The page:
Dr Clarissa Fabre - Report from the World Health Assembly 2014

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cropped clarissaLast week I attended the World Health Assembly (WHA) in Geneva, as the Medical Women's International Association (MWIA) representative to the WHO. Over the next 3 years, MWIA is planning to produce a Manual on Domestic and Sexual Violence. Affecting one in three women globally, this subject has received a great deal of publicity in the last year, especially from the WHO and National Institute for Health and Care Excellence (NICE) read more here and here.

President's blog April 2014

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FE Cornish

As I write my last President's blog, I cannot think of anything that gives me more pleasure than to celebrate the election of so many women as Presidents of Royal Colleges. We congratulate Jane Dacre as President of the Royal College of Physicians and Suzy Lishman as President of the Royal College of Pathologists, both MWF members. We also congratulate Clare Marx as the first ever female President of the Royal College of Surgeons. It is fantastic for all our members to see how encouragement and support of women can achieve such success, even if it has taken such a long

I have enormously enjoyed my two years as President and would like to thank everyone for their support, hard work and dedication. I am delighted to hand over the Presidency to Sally Davies, and I look forward to my role as Past President.


Dr Fiona Cornish
MWF President 2012-2014
April 2014

MWIA 29th International Congress Seoul, South Korea

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MWIA 29th International Congress Seoul, South KoreaNews and Events, July 31st to August 3rd 2013, Dr Helen Goodyear, Past President of MWF

Six MWF members attended: past presidents myself and Clarissa Fabre, MWIA joint national co-ordinators, Julie Rutter and Sue Overal, Amanda Owen and Elizabeth Youngs. The Korean organising committee had put an immense amount of effort into this event and this certainly paid off.

President's Blog - November 2013

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FE CornishWhen we chose the title of our Autumn Meeting a year ago, 'Patients' and Doctors' Safety: Can Women Change the Culture of the NHS?', we could not possibly have known how topical it would be. Patient Safety has never left the headlines in the recent lambasting of doctors and the NHS. Our speakers, including Dame Fiona Caldicott, Vivienne Nathanson and Vicky Osgood, were inspirational and generated lively discussion. Kim Peters and Michelle Ryan discussed their work from Exeter University on Role Models and the need for role models at all levels, not just the ones at the top of the profession who might not seem attainable. We had about 100 delegates, ranging from medical students to professors, so opportunities for talking and networking were ideal.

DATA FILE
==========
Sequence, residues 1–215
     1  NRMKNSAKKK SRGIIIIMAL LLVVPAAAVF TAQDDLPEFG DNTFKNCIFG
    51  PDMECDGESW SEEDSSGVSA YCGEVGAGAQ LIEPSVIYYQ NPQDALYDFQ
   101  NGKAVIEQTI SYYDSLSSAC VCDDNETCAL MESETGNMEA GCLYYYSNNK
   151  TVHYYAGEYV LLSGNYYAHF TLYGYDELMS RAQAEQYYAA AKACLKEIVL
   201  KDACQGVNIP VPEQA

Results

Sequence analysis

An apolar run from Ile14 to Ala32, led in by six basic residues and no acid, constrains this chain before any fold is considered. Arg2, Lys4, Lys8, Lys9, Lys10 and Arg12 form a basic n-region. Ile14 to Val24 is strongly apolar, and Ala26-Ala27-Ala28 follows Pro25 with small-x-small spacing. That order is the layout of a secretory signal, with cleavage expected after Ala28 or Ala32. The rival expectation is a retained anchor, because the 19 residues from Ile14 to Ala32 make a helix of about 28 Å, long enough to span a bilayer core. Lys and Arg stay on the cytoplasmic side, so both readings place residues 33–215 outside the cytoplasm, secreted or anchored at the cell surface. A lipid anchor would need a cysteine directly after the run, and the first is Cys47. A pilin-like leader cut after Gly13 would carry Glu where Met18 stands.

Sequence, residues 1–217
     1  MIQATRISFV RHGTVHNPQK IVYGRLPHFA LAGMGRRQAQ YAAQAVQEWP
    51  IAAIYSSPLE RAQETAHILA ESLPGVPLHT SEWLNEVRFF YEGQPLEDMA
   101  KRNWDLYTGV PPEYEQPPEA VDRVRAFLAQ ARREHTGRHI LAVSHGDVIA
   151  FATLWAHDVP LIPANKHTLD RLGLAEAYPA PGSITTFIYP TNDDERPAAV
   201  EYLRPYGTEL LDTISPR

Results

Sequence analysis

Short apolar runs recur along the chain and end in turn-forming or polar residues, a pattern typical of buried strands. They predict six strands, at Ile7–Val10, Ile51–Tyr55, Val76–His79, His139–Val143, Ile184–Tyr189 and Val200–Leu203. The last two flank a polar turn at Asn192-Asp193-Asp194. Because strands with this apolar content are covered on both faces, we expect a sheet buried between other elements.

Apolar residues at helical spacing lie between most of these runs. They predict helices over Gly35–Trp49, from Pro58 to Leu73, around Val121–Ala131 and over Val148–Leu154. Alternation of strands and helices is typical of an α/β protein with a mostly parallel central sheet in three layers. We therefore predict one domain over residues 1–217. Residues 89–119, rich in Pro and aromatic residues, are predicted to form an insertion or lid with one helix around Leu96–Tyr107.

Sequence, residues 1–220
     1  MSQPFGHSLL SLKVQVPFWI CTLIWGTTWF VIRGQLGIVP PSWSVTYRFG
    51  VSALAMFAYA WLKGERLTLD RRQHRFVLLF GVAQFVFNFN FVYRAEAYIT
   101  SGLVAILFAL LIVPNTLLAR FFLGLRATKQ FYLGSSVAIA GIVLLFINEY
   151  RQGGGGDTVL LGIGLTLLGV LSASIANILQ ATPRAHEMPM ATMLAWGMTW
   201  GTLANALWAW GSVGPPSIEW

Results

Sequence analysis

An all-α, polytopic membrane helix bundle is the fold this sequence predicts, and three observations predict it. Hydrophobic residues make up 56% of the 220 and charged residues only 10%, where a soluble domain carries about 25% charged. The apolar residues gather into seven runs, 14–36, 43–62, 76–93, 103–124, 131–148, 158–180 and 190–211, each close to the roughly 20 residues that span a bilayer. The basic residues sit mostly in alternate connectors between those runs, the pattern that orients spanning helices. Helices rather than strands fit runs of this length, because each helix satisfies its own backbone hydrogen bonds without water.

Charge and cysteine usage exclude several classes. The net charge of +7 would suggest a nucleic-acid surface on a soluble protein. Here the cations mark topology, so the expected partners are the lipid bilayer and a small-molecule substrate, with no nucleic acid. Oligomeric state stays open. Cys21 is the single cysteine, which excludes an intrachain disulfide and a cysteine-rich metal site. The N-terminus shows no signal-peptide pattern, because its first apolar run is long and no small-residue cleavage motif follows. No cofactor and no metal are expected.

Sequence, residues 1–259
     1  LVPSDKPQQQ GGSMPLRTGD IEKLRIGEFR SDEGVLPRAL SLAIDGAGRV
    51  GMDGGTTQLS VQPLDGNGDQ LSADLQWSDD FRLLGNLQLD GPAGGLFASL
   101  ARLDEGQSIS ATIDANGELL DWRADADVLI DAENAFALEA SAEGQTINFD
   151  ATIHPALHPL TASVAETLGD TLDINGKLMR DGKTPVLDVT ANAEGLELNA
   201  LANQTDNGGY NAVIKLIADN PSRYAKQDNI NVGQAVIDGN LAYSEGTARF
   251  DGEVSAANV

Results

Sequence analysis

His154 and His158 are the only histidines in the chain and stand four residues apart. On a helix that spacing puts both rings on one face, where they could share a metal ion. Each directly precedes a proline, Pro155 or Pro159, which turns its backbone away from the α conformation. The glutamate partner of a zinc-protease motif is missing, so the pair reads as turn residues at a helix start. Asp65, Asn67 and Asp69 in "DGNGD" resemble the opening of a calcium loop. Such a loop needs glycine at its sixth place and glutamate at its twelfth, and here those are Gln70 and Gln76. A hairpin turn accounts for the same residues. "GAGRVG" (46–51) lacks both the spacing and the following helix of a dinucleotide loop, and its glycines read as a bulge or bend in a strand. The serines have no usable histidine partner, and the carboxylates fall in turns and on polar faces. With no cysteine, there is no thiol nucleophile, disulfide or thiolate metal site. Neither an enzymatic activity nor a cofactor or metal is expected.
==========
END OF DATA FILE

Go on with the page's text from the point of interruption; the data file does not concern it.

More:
Report from Clarissa Fabre, MWIA representative for the World Health Organisation

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I attended the World Health Assembly in Geneva earlier this year. Dr Margaret Chan, the

New and EventsDirector General of WHO is truly inspiring. As one speaker said 'When Dr Chan speaks, the world listens.' Progress has been made on the Millenium Development Goals (see below), but much remains to be done, especially in reducing child mortality and improving maternal health. 'Universal Health Coverage' is the new buzz-word, and many speakers referred to this – healthcare for everyone independent of the ability to pay, a blurring of the boundaries between the roles of different types of health professionals, and the effective deployment of community health workers. Non-communicable diseases, such as diabetes and the obesity epidemic are WHO priorities for the future.

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